A white shirt with gray stripes that is similar to what Avonte was wearing when he went missing was also discovered with the remains, according to police.

“It’s a huge amount of evidence,” Perecman said. “The evidence is the DNA.”

It will take “days” to determine if the body is Avonte, cops said.

“It’s been in the water long enough that you can’t tell the skin color. It’s been in the water long enough that it’s not an intact body,” Perecman said.

But Avonte’s mother, Vanessa Fontaine, continues to hold out hope.

Fontaine said her 14-year-old autistic son is afraid of the water and thought he “wouldn’t go near it.”

Perecman said Fontaine is “a stoic individual,” but “inside I think she’s twisted. The guilt that runs through her must be monumental.”

Avonte, 14, was last seen on October 4 at the Center Boulevard School at 1-50 51st Ave. in Long Island City. The school is just across from the East River. The Rego Park teen cannot verbally communicate.

There have been conflicting reports on how Avonte, who is supposed to be supervised at all times, managed to leave the school.

Since he went missing, the reward to find him has increased to $95,000.

With additional reporting by Cristabelle Tumola and Sal Licata

 

RECOMMENDED STORIES

 

 

EXCLUSIVE: Fire, flood stalls completion of College Point police academy


| mchan@queenscourier.com

Photo renderings courtesy of NYPD

Completion of the new police academy in College Point has been pushed back three months due to fire and flood damage, The Courier has learned.

The majority of construction on the new $656 million police academy at 128-11 28th Avenue will be finished in March, instead of this month as originally planned, according to the NYPD.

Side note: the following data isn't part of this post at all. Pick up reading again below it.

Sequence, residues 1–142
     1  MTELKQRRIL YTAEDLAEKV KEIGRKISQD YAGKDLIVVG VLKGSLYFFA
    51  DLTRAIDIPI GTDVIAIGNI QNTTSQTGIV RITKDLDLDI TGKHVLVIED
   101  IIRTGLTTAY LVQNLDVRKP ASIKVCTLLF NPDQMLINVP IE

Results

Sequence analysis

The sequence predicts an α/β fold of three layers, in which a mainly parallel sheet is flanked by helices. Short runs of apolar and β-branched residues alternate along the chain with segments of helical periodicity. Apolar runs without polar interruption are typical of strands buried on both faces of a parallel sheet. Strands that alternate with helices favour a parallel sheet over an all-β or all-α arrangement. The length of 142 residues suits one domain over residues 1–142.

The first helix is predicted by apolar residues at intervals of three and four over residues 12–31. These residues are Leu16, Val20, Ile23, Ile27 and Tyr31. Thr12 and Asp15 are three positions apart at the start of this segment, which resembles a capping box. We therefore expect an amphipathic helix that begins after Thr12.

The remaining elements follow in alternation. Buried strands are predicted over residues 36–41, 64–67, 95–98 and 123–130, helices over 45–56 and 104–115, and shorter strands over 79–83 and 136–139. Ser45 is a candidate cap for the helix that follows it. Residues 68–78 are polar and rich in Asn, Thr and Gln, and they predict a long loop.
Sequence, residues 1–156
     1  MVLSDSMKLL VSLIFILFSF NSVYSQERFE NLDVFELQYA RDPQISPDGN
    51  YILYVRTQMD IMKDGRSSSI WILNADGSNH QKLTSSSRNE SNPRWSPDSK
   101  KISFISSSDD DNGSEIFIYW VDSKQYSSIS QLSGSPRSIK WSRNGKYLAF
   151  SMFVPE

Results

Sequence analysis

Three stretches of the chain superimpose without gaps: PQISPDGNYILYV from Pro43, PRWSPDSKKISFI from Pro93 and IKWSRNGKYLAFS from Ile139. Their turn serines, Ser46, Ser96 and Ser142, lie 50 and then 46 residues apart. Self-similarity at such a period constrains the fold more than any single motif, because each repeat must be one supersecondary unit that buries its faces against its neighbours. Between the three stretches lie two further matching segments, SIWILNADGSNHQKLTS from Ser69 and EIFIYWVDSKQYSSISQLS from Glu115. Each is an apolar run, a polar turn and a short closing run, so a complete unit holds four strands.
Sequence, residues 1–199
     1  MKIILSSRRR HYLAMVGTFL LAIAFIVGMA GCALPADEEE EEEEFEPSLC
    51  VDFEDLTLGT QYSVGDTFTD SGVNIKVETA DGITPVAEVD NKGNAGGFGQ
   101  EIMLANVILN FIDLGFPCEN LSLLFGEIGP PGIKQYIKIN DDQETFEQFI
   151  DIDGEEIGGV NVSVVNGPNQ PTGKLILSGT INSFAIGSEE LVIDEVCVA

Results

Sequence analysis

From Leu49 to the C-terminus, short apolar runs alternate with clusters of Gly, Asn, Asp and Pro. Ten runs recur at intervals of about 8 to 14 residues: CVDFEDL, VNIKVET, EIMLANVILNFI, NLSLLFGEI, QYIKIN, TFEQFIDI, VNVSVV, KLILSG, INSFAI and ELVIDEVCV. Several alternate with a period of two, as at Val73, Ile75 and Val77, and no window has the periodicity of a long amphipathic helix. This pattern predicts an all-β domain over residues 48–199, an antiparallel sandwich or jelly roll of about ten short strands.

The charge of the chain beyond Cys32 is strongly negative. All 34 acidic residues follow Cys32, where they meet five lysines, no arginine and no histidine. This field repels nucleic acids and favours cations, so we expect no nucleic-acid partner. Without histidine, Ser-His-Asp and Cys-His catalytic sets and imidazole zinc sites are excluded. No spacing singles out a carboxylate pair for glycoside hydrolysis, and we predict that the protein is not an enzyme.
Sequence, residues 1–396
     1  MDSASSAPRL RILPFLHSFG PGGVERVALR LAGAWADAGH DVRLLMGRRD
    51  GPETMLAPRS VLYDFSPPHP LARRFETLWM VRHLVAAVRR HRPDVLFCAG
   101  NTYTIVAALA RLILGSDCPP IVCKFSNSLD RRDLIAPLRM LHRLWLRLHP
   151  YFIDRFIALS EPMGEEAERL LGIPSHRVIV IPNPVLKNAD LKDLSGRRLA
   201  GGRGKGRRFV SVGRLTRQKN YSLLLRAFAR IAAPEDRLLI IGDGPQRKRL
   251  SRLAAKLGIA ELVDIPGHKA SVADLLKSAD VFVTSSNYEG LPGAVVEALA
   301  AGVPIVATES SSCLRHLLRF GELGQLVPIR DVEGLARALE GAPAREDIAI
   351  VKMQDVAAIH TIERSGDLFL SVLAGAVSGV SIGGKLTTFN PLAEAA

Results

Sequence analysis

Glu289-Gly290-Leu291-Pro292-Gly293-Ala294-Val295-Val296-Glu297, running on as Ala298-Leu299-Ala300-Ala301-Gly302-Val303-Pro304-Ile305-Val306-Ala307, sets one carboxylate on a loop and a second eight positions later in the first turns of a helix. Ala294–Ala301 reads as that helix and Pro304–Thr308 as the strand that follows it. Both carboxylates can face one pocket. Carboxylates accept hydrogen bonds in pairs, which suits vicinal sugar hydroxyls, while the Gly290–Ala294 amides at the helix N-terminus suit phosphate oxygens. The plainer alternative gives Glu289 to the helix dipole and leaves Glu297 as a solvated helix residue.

Deputy Chief Kim Royster, a Police Department spokesperson, said the project was first stalled when flood waters from last year’s Superstorm Sandy damaged custom air handlers in storage.

A fire in April also melted the building’s exterior glass atrium, scorching a number of outside panels at the north side of the building and destroying portions of its façade, Royster said.

It was accidentally caused by a blow torch used during construction, according to FDNY spokesperson Frank Dwyer.

“Together these events resulted in substantial completion being delayed by three to four months,” Royster said.

But plans are still on track to have the new academy’s first recruit class enter the new training digs by July 2014, law enforcement officials said.

The 700,000-square-foot building, in the project’s first phase, is projected to accommodate one tour of 1,640 recruits during their first six months of training, according to Inspector Terrence Riley of the NYPD.

In addition to classrooms and gyms, the new space for the city’s finest-to-be also includes a quarter-mile outdoor running track and a mock-up small city with banks, stores, apartments and streetscapes for simulated scenario-based training, Riley said.

The total 30-acre site is bordered by College Point Boulevard, 28th Avenue and Ulmer Street.

A new target date for the west campus is slated for March, while the east campus is expected to near completion in April, Royster said.

The delay was welcomed by Andrew Rocco, president of the College Point Civic and Taxpayers Association.

“Unfortunately, whether it opens tomorrow or three months from now, it’s going to create additional traffic regardless,” he said. “This should give the NYPD an extra three months to figure out how they’re going to support College Point.”

Rocco wants the city to extend Linden Place and fix the neighborhood roads, among other things on his wish list.

“They’re putting this citywide institution in our backyard,” he said. “We want to see some support from that, some visible police presence and support for local businesses.”

 

RECOMMENDED STORIES

 

 

Man struck, killed by vehicles in College Point


| ctumola@queenscourier.com

Fatalcollegept 038

A pedestrian died Tuesday morning after he was hit by two vehicles in College Point.

Brian Howell, 47, was crossing 14th Avenue at the intersection of 129th Street around 6:45 a.m. when a Toyota Camry, traveling westbound on 14th Avenue, struck him, knocking him into the eastbound lane, said cops. He was then hit by a 2000 Suburban that was driving eastbound.

The victim was pronounced dead at the scene.

Police said the drivers of both vehicles remained at the accident location. The investigation is ongoing and the NYPD’s Highway Patrol Collision Investigation Squad is reviewing the circumstances.

 

RECOMMENDED STORIES

 

BP Marshall OKs city’s plan to dispose of vacant lots too small to develop